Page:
Red hulls break ice
Like much of its legacy fleet, the Coast Guard’s red hulls are old. Of the two heavy icebreakers — USCGC Polar Star (WAGB 10) and sister ship USCGC Polar Sea (WAGB 11), commissioned in 1976 and 1977, respectively — only the first is operational. The medium icebreaker USCGC Healy (WAGB 20), commissioned in 1999, is larger than the Polar class but is less powerful, and it is used primarily as an icebreaking research vessel. The oceangoing icebreakers are based in Seattle; the Great Lakes icebreaker USCGC Mackinaw (WLBB 30) is based in Cheboygan, Mich.
Growing interest in the polar regions demands presence. Coast Guard officials have said the service needs at least three heavy icebreakers to provide the ability to operate anywhere at any time. Polar Star is used almost exclusively to support the annual resupply mission to the National Science Foundation base at McMurdo Sound in Antarctica, but the Coast Guard has long lobbied for ships that can do more. The result is the polar security cutter (PSC) program to deliver a multimission vessel with world-class icebreaking capability.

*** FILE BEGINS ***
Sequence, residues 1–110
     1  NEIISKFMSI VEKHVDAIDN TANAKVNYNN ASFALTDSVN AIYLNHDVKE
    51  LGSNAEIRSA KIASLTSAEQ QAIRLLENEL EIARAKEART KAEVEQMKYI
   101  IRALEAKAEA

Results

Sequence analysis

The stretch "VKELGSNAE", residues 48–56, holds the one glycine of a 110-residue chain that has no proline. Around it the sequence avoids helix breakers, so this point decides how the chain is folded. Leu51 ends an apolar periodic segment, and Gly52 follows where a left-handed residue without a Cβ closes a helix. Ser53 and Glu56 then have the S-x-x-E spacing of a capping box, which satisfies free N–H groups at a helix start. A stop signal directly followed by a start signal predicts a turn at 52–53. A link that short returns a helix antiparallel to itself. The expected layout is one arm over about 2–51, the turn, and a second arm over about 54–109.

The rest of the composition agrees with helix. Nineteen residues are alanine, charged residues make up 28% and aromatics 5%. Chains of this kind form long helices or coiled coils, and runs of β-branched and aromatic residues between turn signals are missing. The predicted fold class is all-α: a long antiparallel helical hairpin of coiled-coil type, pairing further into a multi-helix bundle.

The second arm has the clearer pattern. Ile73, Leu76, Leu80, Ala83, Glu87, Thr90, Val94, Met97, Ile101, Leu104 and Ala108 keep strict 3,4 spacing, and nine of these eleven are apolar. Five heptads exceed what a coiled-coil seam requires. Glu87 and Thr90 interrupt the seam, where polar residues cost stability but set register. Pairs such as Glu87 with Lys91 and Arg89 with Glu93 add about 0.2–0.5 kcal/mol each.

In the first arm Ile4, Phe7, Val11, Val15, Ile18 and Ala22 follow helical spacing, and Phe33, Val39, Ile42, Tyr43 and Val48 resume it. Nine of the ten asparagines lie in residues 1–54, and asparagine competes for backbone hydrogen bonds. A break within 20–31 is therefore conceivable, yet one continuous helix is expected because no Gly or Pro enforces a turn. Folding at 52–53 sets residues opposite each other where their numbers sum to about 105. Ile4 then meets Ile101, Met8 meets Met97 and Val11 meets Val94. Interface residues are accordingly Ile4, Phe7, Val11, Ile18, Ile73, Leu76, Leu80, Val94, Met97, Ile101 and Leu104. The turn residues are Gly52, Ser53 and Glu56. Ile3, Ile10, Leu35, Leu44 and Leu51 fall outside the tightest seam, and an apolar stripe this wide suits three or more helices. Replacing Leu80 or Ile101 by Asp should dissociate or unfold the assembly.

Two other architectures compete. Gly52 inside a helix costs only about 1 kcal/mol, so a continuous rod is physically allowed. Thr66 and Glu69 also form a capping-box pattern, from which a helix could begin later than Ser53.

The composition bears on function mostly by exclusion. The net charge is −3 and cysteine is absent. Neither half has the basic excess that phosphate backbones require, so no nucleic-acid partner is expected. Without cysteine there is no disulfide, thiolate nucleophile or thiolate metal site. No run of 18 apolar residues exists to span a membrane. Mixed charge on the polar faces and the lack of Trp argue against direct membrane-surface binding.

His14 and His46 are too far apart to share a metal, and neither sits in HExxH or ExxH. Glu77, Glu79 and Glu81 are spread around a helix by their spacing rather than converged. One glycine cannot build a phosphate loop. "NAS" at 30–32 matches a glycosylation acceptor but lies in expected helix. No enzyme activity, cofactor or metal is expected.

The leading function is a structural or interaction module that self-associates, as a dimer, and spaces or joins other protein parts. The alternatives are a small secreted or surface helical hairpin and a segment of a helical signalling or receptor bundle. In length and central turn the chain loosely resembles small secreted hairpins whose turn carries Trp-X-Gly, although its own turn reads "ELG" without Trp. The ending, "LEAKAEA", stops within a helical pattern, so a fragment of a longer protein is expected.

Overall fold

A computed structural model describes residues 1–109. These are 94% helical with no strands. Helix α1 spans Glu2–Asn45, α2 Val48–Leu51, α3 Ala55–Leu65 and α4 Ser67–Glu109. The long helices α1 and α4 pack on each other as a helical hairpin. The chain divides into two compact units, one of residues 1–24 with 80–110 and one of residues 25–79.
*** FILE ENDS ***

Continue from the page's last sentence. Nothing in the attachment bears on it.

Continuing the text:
The Navy and Coast Guard established a joint integrated program office to procure the PSC. Halter Marine of Pascagoula, Miss., was awarded the contract to design and build the first ship in the class, with options for two more. The first PSC is scheduled for delivery in 2024, with the second notionally in 2025 and third notionally in 2027 if the options are executed. At 460 feet in length and with a full load displacement of about 33,000 long tons, the PSC will be substantially larger than Polar Star (399 feet, 13,000 tons) or Healy (420 feet, 16,000 tons).
“In order to conduct the full range of Coast Guard missions, Coast Guard icebreakers must be fully interoperable with interagency and international stakeholders, including the Department of Defense, to carry out national defense operations,” Adm. Charles Ray told a House subcommittee in May 2019. “Thus, the new PSC will include sufficient space, weight and power to conduct the full complement of multimission activities that support our nation’s current and future needs in the Arctic.” •
Retired Navy Capt. Edward Lundquist is a communications professional with 38 years of experience in military, private association and corporate service. During his 24-year naval career, Lundquist qualified as a surface warfare officer and later served as a public affairs officer. He retired from active duty in 2000.